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K-State Today

June 3, 2011



Gift of $100,000 helps to establish the next generation of innovators

By Julie Fosberg

It's long been a mission of the Kansas State University College of Engineering to impress the value of the entrepreneurial spirit upon its student body -- and to demonstrate the potential for greatness to those willing to take the initiative and risk to be pioneers of the future.

Raj Nathan, Pleasanton, Calif., knows the value of nurturing that spirit. His career has taken him around the globe, from India to Manhattan, Kan., to California, and has run the gamut from hardware to software, from large companies to small. When he visited Manhattan in fall 2009 to deliver "Being an Entrepreneur in an Established Company -- Not an Oxymoron" as part of the College of Engineering's Eyestone Distinguished Lecture Series, he articulated that innovation, entrepreneurship and risk-taking shouldn't be confined to the world of small start-ups; rather, they're values needed to succeed in any sector of the professional world, values that are by-products of a sound education.

 

To help ensure such values are nurtured at Kansas State, Nathan and his wife Diana have made a gift of $100,000 to the College of Engineering to establish the Raj and Diana Nathan Undergraduate Research Excellence Fund. It will provide financial assistance to undergraduate student research in the college.

Although Nathan earned his bachelor's degree in mechanical engineering from the University of Madras in India and his master's degree and doctorate in industrial engineering from Iowa State University, he is no stranger to Manhattan. He was a professor at Kansas State for four years, where he initiated a new program in manufacturing and systems engineering and started an advanced systems institute. He was recognized with the College of Engineering's prestigious James L. Hollis Award for Excellence in Undergraduate Teaching and named the Steel Ring adviser of the year. He also received the Society of Manufacturing Engineers' Outstanding Young Manufacturing Engineer Award.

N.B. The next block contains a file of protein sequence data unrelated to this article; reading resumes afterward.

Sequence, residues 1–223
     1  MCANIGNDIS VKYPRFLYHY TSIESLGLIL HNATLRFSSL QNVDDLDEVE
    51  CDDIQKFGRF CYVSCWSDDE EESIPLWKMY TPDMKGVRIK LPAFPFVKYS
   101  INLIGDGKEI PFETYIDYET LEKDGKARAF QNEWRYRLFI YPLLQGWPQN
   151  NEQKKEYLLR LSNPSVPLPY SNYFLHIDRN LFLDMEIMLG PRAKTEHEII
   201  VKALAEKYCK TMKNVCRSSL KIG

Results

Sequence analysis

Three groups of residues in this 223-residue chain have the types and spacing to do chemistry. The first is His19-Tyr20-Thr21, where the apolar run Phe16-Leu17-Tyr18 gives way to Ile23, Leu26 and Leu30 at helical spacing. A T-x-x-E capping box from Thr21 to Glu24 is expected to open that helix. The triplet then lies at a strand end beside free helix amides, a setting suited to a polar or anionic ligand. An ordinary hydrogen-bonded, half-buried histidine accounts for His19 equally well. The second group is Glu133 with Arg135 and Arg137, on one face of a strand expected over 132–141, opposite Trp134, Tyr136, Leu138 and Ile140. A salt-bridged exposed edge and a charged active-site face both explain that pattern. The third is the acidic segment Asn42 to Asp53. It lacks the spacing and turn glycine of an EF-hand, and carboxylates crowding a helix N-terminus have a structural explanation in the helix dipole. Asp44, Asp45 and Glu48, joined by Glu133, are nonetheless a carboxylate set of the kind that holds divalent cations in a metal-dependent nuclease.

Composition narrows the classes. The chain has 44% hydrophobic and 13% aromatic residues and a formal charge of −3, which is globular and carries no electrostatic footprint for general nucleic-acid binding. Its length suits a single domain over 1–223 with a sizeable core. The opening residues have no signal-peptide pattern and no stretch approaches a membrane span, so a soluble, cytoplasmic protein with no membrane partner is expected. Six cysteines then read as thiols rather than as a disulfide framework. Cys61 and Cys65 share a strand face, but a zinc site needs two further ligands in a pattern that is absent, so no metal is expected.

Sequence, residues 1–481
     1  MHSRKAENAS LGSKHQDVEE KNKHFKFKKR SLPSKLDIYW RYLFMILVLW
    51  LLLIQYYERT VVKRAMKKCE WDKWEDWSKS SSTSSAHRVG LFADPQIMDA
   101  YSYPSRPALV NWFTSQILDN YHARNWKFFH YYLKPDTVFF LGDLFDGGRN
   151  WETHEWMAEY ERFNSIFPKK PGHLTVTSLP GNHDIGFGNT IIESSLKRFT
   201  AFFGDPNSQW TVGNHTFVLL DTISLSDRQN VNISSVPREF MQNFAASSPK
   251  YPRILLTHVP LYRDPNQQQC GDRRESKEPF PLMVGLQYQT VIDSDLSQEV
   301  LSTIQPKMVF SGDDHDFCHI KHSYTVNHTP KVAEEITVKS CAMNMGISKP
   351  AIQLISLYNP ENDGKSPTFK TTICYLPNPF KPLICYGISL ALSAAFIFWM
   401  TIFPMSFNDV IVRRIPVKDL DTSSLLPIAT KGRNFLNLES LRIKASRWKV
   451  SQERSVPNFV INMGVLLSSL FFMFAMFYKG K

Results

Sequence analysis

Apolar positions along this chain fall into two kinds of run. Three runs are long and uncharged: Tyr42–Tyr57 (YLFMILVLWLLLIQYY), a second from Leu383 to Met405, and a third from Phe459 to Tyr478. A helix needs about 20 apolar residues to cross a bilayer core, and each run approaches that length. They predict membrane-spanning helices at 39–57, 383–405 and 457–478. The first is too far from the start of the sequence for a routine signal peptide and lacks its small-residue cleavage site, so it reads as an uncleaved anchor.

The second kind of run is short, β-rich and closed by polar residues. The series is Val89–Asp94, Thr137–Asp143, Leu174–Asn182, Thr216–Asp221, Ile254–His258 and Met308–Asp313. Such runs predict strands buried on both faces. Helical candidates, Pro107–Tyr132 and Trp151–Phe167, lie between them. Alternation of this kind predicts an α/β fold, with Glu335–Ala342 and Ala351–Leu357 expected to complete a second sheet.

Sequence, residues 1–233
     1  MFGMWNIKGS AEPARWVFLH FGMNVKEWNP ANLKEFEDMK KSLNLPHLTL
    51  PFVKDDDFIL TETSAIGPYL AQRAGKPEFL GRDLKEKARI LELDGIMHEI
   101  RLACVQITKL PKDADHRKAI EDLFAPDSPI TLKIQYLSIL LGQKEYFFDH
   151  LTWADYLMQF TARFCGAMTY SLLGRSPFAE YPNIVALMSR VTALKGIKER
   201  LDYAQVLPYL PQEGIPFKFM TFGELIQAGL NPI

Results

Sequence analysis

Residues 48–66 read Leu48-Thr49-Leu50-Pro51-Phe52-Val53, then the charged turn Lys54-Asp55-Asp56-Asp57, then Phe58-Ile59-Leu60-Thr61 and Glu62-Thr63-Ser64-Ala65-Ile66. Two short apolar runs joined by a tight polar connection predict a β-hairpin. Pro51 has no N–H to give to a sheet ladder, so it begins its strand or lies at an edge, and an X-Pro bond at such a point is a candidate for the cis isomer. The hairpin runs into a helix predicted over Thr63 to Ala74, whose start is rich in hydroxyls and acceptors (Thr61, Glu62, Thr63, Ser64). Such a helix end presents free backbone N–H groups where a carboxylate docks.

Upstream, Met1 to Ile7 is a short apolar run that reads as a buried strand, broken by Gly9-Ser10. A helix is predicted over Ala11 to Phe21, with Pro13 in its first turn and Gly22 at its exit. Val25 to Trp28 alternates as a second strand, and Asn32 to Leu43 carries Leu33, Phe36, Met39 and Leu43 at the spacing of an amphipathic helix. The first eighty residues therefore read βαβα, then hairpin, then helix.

Now as executive vice president at Sybase, a global software company with more than 4,000 employees in 60 countries, Nathan sets the technology direction and spearheads all marketing initiatives for the company and its subsidiaries.

In light of his world experience and achievements, Nathan also understands the value and impact his gift will have on the College of Engineering.

"The continued ability in the future to have the quality of life that we have today is in no small measure dependent on continued innovation in our country," he said. "Research is at the heart of innovation, and to encourage interest in research from the early stages is what the dean aims. We are happy to lend our support to this important initiative."

"We want our students to be aware of the challenges and rewards available to those contributing their capacities and talents toward innovation," said John English, dean of the College of Engineering. "The Nathans' gift will have a wonderful impact in providing our students with research opportunities to develop their talents and set themselves on the path to become innovators."

Diana Nathan, a 1983 graduate of Kansas State's College of Engineering, is equally thrilled with the opportunities the couple's gift will help provide to students.

"Having financial assistance in the form of scholarships was of immense help to me when I went through the engineering program at Kansas State," she said. "We're glad to be able to do the same for future students."

Philanthropic contributions to Kansas State are coordinated by the Kansas State University Foundation. The foundation staff works with university partners to build lifelong relationships with alumni, friends, faculty, staff and students through involvement and investment in the university.